PRINCIPLES OF FISH PRESERVATION

Techniques based on the chemical control of microbial activity and loads

These techniques are designed to add anti-microbial agents or decrease the fish muscle pH to levels that are inhibitory to microbial growth and proliferation. Most bacteria stop multiplying at pH less than 4.5. The decrease of pH is obtained by fermentation, marinades or by adding acids (acetic, citric, lactic, etc.) to fish products. In addition to the decrease in fish pH, fish fermenting lactic bacteria also produce anti-microbial compounds such as nisin, which improve preservation. This technique is often referred to as bio-preservation. Other preservatives include nitrites, sulphites, sorbates, benzoates or natural ones such as essential oils.

Techniques based on the control of the oxydo-reduction potential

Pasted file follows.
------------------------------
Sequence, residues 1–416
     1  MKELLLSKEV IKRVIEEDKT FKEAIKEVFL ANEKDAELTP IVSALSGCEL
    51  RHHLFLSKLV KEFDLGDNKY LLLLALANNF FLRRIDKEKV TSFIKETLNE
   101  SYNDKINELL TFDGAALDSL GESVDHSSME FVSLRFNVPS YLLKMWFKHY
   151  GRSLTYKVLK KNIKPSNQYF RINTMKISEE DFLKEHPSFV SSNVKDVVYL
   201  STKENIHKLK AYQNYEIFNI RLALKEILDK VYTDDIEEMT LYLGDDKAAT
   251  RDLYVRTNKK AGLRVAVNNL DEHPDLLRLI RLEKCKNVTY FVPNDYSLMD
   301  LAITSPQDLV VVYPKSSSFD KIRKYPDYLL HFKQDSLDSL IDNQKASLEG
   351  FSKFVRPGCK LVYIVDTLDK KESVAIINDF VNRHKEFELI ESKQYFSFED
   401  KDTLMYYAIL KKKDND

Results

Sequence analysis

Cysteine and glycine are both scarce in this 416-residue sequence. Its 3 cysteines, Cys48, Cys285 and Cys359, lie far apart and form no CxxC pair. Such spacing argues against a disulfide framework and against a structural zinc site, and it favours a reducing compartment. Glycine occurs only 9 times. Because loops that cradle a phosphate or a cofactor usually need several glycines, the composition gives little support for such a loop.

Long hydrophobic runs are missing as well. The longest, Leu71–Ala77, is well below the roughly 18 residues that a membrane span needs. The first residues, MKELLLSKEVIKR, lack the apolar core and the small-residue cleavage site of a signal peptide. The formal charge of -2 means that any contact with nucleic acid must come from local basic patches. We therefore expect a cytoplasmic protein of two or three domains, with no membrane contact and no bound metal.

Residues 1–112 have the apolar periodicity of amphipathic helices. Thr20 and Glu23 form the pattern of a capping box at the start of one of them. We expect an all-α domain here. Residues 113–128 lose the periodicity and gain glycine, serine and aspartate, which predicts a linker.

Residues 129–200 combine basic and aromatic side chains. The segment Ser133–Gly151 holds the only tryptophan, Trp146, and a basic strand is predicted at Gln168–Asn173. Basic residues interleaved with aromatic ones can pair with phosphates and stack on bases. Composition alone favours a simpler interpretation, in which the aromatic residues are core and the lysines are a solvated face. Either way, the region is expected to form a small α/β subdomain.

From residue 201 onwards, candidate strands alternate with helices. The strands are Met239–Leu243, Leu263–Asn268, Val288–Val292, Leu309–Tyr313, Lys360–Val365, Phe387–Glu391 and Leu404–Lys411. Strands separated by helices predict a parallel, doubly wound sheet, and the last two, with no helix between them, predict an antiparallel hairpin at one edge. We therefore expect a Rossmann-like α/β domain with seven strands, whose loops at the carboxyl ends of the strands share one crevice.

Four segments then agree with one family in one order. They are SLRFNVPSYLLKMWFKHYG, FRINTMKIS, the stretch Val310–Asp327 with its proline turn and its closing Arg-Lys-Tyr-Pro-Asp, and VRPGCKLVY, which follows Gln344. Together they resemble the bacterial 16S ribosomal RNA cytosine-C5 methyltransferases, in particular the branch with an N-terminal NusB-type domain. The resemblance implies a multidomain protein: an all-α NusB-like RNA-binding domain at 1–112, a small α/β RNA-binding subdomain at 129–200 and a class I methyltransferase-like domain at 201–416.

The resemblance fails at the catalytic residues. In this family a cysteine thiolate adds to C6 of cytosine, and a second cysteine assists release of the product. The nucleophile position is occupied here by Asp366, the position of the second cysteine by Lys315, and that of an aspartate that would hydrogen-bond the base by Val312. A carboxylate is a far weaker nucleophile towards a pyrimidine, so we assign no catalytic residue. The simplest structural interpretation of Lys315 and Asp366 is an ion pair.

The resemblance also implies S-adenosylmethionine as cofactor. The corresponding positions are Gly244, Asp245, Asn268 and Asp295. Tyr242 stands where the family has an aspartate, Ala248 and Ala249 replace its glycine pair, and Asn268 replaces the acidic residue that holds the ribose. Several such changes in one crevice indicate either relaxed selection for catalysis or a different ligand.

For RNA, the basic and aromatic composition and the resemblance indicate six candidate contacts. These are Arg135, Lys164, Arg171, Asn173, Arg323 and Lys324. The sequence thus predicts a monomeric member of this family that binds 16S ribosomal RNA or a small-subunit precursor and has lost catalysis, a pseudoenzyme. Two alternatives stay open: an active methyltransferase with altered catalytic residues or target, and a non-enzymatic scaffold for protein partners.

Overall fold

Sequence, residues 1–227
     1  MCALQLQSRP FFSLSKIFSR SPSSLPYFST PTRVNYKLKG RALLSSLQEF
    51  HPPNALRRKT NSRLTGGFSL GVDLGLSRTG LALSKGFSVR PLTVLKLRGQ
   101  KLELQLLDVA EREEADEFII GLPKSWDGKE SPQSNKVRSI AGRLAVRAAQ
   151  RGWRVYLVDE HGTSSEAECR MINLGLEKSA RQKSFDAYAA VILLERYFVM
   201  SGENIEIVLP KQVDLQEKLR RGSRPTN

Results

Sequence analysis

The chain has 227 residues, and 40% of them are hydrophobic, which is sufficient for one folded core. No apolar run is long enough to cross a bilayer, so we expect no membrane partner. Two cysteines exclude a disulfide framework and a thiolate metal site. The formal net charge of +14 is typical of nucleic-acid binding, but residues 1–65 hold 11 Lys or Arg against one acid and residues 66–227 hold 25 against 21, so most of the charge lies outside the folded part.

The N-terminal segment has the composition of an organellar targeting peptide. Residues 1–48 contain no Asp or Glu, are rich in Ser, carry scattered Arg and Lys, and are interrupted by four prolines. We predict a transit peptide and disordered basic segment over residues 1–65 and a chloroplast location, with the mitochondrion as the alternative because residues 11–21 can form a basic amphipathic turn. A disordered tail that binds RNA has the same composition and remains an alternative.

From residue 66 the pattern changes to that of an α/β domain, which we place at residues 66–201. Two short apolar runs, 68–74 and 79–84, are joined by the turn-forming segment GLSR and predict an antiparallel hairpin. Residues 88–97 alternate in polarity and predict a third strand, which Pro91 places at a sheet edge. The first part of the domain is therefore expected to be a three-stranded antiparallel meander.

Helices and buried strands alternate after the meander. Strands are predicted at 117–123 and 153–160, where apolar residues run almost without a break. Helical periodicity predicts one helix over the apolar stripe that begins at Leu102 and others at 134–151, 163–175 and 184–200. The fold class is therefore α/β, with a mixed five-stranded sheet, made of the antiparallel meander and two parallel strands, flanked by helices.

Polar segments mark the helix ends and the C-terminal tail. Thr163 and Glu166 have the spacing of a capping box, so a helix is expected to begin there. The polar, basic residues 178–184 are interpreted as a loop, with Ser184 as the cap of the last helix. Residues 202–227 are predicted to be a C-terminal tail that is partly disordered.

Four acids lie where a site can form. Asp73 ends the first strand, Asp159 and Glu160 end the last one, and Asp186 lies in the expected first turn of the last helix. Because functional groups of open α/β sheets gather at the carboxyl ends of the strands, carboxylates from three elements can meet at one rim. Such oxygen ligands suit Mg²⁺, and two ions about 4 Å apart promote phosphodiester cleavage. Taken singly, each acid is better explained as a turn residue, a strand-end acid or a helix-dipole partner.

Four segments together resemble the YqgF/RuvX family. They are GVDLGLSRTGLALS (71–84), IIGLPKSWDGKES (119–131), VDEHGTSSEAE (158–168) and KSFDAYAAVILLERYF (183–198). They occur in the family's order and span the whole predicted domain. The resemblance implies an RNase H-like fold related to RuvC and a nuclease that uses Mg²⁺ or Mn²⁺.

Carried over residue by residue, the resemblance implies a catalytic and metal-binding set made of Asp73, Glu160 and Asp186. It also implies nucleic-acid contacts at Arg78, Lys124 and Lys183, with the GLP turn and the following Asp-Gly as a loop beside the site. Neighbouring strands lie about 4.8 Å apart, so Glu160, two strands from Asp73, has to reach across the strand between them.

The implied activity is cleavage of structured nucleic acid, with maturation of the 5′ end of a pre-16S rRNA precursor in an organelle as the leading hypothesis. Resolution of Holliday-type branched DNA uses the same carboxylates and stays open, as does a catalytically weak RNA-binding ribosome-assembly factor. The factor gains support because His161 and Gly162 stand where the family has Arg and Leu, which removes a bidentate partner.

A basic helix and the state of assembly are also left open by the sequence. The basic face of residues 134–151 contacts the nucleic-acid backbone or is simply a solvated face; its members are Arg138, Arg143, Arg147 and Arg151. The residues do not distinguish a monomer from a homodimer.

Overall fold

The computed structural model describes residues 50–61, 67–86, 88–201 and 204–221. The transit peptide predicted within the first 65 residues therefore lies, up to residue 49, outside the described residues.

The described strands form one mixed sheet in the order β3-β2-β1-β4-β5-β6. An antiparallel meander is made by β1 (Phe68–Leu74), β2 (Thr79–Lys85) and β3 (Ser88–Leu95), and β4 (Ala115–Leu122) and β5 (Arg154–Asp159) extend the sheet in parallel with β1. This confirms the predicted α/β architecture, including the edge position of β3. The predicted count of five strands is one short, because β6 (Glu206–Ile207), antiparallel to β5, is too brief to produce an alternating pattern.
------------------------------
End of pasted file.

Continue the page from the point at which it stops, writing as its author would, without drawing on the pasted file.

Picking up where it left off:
Some spoilage bacteria and lipid oxidation require oxygen. Reducing the oxygen around fish will increase its shelf life. This is possible by vacuum packaging or by controlling or modifying the atmosphere around the fish. Specific combinations of CO2, O2 and N2 characterize controlled (CA) or modified atmosphere (MA). Vacuum packaging, CA and MA storage are often combined with refrigeration for fish preservation.

Combination of several preservation techniques

Two or more of the above-described techniques can be combined to improve preservation efficiency while reducing undesirable effects such as the denaturation of nutrients by severe heat treatments. Combinations already in use include pasteurization-refrigeration, CA (or MA)-refrigeration, salting-drying, salting-smoking, drying-smoking and salting-marinating. Other process combinations are currently being developed along the “multiple hurdle theory”.

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